As more UK offshore wind schemes are canned, threatening our leading position in the market, we should consider the rocky road towards investment in a diversified energy market

Simon Rawlinson

Offshore wind has been a great British success story. Over 700MW of capacity was connected in 2013, equivalent to 47% of the total installed in Europe - that’s enough to power nearly 400,000 homes. Remarkably, the UK produces over 50% of European offshore wind energy, which is nearly three times as much as our nearest competitor, Denmark.

This leadership position unfortunately cannot be sustained. The UK’s pipeline of projects under construction is declining, whereas other markets, notably Germany, are growing strongly - driven by a radical rebalancing of their energy markets in favour of renewables.

Recently, UK offshore wind has been in the news for all of the wrong reasons. Three major investments have been cancelled since November 2013, just as guaranteed energy prices had been tweaked in favour of offshore wind generation.

Furthermore, Centrica has sold its interest in a major scheme to its Danish competitor, Dong Energy. In all, a total of 3.2GW of new capacity has been wiped from the UK energy pipeline in a little more than 12 weeks, and there has barely been a note of alarm in the press. What does all that tell us about the UK’s energy future?

First, cancellations will have a knock-on effect on the wider economics of offshore wind. The 2013 Energy Act has set a trajectory for the offshore industry to deliver “cost-competitive” power by 2020.

Cost reduction depends on economies of scale, and the loss of work of this volume of work - equivalent to perhaps 800 large turbines - is a big blow to these ambitions, particularly as all low-carbon energy technologies are competing for a share of the £7.6bn allocated by the government to incentivise investment.

Second, the cancellation of UK projects reduces the incentives for investment in UK-specific manufacturing and installation capability. The market is currently dominated by European players, and local capacity will only be developed if the pipeline of work can be relied upon.

Third, investors continue to be footloose, with countries, investment classes and individual projects all competing for scarce and highly selective finance.

Larger, more risky offshore wind projects are increasingly dependent on equity investment and project funding, so these problems won’t
go away.

Taken together, the UK’s leading position in offshore wind is at risk. Moreover, these cancellations could well be another indicator of the deeper problems in the economics of the UK energy sector.

In all, a total of 3.2GW of new capacity has been wiped from the UK energy pipeline in a little more than 12 weeks, and there has barely been a note of alarm in the press. What does that tell us about the UK’s energy future?

Finance is at the heart of many of these challenges, including the inability of decision-makers to address the true cost of investment in new, higher-risk sources into the UK energy mix. Presently, the price guarantee for power from offshore wind has been set at £155/MWh for 2014, three times the current price of legacy power and well above the strike price for new nuclear. On the assumption that the UK will continue its journey to a low-carbon future, the energy mix has to change, and will become more expensive. This is implicit in the assumption that offshore wind projects will be competitive at a price of £100/MWh by 2020.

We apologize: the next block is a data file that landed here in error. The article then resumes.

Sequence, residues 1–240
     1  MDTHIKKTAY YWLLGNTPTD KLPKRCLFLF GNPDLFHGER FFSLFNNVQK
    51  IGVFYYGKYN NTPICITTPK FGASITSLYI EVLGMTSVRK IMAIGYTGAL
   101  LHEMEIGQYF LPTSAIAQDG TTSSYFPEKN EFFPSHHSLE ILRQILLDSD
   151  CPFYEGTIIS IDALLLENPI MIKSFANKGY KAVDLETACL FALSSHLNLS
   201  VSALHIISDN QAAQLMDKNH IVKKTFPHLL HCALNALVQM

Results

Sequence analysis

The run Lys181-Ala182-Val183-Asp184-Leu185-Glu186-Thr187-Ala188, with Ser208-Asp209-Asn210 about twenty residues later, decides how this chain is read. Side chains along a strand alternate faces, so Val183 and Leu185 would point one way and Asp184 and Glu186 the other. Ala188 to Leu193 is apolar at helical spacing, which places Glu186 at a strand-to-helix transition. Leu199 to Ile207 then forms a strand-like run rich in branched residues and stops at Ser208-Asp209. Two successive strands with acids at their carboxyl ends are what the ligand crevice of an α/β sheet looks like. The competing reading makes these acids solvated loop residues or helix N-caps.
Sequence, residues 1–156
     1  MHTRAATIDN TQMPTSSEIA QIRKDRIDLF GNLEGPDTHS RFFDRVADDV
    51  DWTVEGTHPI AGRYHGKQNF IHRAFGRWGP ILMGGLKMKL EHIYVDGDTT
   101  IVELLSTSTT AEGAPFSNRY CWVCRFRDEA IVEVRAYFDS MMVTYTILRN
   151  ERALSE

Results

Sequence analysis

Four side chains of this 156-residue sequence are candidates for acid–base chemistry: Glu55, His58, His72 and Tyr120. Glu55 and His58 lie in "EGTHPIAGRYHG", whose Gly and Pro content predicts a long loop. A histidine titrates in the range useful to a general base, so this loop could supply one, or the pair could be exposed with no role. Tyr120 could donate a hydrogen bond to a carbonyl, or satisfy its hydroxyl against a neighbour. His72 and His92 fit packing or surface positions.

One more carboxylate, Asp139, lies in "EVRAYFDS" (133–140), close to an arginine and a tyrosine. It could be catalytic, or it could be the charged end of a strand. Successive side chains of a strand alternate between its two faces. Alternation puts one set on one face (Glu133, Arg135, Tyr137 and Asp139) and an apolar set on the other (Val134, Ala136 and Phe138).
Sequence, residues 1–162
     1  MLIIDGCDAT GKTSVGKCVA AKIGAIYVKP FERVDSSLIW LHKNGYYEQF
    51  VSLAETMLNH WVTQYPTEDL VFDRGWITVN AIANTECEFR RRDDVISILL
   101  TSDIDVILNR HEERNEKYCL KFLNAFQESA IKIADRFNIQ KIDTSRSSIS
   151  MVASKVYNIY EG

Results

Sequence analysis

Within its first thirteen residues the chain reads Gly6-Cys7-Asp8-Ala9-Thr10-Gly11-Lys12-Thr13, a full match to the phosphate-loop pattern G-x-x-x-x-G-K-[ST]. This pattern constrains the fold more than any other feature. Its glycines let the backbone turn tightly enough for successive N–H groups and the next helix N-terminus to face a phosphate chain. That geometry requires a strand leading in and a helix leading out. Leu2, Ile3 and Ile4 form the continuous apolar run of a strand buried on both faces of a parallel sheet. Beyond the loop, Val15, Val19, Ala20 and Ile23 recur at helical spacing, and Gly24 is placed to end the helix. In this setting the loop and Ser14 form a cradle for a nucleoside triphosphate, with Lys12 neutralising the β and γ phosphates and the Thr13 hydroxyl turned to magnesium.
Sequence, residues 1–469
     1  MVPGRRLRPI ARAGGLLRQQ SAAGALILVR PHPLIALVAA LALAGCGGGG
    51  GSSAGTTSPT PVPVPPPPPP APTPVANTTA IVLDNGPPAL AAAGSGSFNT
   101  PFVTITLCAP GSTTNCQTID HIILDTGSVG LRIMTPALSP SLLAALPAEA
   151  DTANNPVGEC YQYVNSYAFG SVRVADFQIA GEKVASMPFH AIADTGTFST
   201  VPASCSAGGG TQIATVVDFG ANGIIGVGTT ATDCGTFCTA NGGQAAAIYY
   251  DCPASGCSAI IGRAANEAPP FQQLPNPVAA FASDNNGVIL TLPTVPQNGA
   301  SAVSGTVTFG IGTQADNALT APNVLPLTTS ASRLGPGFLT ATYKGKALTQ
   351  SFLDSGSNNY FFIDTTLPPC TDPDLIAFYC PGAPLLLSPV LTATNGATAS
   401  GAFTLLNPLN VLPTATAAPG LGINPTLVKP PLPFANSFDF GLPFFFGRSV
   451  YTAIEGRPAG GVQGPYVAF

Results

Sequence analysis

Unfortunately, while the paying public needs to prepare for the reality of higher energy costs, the political debate has been focused
on simpler, close-up issues such as the marginal cost of energy efficiency measures and price control. Is it possible to discuss the real cost
of future energy when electors can’t pay their bills?

Politicians certainly aren’t helping matters. The EU commission is challenging the UK’s support to Hinkley Point as inappropriate state aid, and by promising a further round of energy market reforms, Labour has introduced further uncertainty into investment markets.

Little wonder that senior figures at Iberdrola, the owner of Scottish Power, have described the UK as being an increasingly hostile environment for investors in energy. Certainly, it is highly unlikely that any major investment decisions will be made prior to the 2015 general election.

This scenario of delay and missed opportunity feels so familiar that it would be easy to dismiss it as business as usual. However, the UK has a really successful track record of attracting investment into infrastructure and utilities.

The problems now being seen in the energy sector could be early signs of a bigger change in the balance of investor power, with further implications for the funding of key energy and water infrastructure, as well as new power sources.

Whether the UK’s energy solution relies on shale gas, nuclear or offshore wind, it will be expensive to deliver, and will require funding from competitive markets. The message from UK offshore wind in 2014 is that both funding and the UK’s energy future are not yet secure.

Simon Rawlinson is head of strategic research and insight at EC Harris